Sleep bruxism

Jamie Harris MD (Dr. Harris of Advocate Health has no relevant financial relationships to disclose.)
Darius A Loghmanee MD (Dr. Loghmanee of Advocate Children's Hospital has no relevant financial relationships to disclose.)
Federica Provini MD, editor. (

Dr. Provini of the University of Bologna and IRCCS Institute of Neurological Sciences of Bologna received speakers' fees from Eisai Japan and Italfarmaco and consulting fees from Zambon.

Originally released July 20, 1994; last updated July 31, 2018; expires July 31, 2021

This article includes discussion of sleep bruxism, bruxism, bruxomania, nocturnal bruxism, nocturnal oral parafunction, nocturnal teeth-clenching, nocturnal teeth-grinding, nocturnal tooth-grinding, rhythmic masticatory muscle activity, and teeth-clenching. The foregoing terms may include synonyms, similar disorders, variations in usage, and abbreviations.


In this article the authors explain that sleep bruxism is a nocturnal orofacial activity. In sleep medicine, it has been described as a sleep-related movement disorder characterized by simple repetitive movements and transient arousals during sleep. In dentistry, sleep bruxism has been described as a parafunctional activity associated with clenching, bracing, and grinding of the teeth. Because sleep bruxism may provoke destruction of teeth, dental restorations, temporomandibular joint function, and facial pain, dentistry has been more focused on restoring dental work and oral appliances. Although stress has been proposed as a causative factor in aggravating bruxism or being relieved by the bruxism, evidence supports an autonomic imbalance rather than a psychological response. A sequential change from autonomic and brain cortical activities precedes sleep bruxism, suggesting that the central and/or autonomic nervous systems, rather than peripheral sensory factors, have a dominant role in sleep bruxism onset. Also, evidence of underlying genetic links has been proposed. Comorbidities include obstructive sleep apnea, snoring, hypertension, headaches, temporomandibular dysfunction, encephalopathy, epilepsy, affective disorders, psychological stress, and anxiety. At this time, only polysomnographic (PSG) studies can provide a definite diagnosis. Neuroimaging studies provide evidence of functional changes in oral motor cortical areas in patients with bruxism. Treatment of sleep bruxism includes dental orthotics, behavioral modification, medication, and treatment of obstructive sleep apnea.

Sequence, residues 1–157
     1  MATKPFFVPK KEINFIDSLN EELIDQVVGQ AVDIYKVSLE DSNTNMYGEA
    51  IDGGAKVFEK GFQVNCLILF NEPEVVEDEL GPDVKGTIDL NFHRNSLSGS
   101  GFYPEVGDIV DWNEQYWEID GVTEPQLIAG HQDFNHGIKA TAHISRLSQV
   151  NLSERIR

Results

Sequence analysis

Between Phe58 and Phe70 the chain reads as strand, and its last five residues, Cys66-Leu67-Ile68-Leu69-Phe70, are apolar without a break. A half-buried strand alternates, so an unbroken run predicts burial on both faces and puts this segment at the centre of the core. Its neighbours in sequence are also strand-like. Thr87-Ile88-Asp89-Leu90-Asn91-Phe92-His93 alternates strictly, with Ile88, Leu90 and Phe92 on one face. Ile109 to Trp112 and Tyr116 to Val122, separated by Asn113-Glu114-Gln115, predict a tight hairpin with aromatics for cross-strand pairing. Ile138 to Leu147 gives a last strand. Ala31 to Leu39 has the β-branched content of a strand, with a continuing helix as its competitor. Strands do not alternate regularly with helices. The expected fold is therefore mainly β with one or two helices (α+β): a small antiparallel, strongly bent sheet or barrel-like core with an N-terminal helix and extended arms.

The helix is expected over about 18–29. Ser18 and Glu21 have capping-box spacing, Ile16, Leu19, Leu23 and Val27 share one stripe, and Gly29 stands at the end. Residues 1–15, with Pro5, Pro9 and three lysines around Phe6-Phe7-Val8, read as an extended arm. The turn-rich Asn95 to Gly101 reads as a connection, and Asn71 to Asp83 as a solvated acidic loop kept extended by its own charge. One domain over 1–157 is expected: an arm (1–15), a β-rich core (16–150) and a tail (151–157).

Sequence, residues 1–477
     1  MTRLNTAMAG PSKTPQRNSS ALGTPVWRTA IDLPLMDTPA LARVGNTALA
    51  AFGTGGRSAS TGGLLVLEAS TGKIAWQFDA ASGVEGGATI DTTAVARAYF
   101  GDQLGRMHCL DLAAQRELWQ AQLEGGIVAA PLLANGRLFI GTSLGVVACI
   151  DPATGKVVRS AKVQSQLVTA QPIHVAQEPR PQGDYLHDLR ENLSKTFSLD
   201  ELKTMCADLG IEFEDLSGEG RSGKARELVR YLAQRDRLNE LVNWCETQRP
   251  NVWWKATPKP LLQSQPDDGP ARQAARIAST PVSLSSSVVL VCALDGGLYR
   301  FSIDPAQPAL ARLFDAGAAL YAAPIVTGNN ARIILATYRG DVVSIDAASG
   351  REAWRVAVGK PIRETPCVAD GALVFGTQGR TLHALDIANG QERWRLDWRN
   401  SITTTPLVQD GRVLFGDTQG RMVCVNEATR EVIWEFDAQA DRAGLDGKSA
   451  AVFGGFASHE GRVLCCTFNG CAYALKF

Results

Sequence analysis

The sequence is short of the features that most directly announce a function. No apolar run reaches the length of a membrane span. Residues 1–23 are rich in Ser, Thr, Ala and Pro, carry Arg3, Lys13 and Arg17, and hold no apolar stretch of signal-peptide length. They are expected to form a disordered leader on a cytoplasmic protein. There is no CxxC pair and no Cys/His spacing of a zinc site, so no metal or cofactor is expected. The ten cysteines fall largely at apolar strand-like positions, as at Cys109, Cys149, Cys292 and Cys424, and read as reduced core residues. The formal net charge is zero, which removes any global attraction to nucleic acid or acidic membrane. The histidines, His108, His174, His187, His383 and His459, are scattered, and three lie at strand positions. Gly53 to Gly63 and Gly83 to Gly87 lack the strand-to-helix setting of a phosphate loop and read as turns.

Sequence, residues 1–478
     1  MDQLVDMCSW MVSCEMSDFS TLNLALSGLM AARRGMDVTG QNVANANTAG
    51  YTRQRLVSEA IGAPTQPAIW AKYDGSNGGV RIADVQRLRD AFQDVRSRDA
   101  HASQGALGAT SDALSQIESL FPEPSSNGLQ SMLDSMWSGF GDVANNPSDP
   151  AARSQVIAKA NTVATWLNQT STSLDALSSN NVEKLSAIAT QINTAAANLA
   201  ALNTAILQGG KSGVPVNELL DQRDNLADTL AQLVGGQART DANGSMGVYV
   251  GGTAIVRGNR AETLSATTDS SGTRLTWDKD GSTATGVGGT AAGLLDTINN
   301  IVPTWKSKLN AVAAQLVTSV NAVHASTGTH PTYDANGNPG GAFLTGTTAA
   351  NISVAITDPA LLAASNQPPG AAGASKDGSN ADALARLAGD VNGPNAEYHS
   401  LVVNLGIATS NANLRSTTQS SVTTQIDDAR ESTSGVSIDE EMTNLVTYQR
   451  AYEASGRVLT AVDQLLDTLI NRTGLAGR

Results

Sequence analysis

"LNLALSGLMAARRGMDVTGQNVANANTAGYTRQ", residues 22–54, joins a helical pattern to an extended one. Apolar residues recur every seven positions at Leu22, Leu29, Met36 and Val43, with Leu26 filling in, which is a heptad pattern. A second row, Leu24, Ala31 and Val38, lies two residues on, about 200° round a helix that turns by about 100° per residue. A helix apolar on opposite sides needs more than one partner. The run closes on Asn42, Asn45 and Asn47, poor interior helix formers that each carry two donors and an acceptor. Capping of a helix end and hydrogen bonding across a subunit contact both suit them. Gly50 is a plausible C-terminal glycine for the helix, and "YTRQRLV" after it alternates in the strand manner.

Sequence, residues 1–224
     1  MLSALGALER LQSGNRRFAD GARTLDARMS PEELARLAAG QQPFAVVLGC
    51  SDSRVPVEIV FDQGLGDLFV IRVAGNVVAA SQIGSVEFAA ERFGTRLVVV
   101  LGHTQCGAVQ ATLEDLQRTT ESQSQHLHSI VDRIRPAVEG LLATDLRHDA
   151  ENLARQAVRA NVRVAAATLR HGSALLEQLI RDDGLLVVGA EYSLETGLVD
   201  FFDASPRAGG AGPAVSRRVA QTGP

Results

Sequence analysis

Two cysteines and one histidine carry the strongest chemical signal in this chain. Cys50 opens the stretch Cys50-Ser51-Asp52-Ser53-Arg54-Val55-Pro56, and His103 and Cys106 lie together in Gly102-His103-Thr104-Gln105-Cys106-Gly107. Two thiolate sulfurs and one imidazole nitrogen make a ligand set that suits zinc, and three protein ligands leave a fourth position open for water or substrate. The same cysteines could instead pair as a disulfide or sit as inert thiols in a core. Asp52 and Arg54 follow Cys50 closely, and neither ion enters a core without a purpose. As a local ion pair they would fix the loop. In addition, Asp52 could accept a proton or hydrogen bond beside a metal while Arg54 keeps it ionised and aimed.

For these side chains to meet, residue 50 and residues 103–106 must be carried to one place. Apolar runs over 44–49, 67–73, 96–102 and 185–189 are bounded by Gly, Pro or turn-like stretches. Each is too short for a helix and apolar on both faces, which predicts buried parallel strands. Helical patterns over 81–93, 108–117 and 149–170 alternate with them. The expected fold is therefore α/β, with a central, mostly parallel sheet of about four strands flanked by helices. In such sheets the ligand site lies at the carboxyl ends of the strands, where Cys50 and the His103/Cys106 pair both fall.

Key points


• Sleep bruxism is primarily associated with rhythmic masticatory muscle activity (RMMA).


• Bruxism is often reported or observed by sleep partners; self-report has a substantial false-negative rate.


• Obstructive sleep apnea (OSA) is the highest risk factor for sleep bruxism.


• Sleep bruxism is centrally rather than peripherally mediated.


• Treatment is palliative and involves intraoral appliances, behavioral therapies, and medications.

Historical note and terminology

In 1938, Miller introduced the term “bruxism” for bruxomania or repetitive teeth grinding (Miller 1938). One of the first recorded notations of this phenomenon was from Black, who commented, "Abrasion of the teeth may tend to remove the cusps of the teeth quite rapidly” (Black 1886). Later descriptions noted the potential effects of this disorder. In 1941, Bodecker described a patient whose bruxism had destroyed the clinical crowns of all the lower anterior teeth (Bodecker 1941).

Sleep bruxism and diurnal bruxism were not differentiated for several decades; however, the sleep-wake state dependence appears to demonstrate that these are distinct disorders that have different underlying causes and require different treatments.

An international expert consensus examined several definitions of bruxism from sleep medicine and dental organizations and ultimately recommended that bruxism be defined as a repetitive jaw-muscle activity characterized by clenching or grinding of the teeth and/or by bracing or thrusting of the mandible (Lobbezoo et al 2013).

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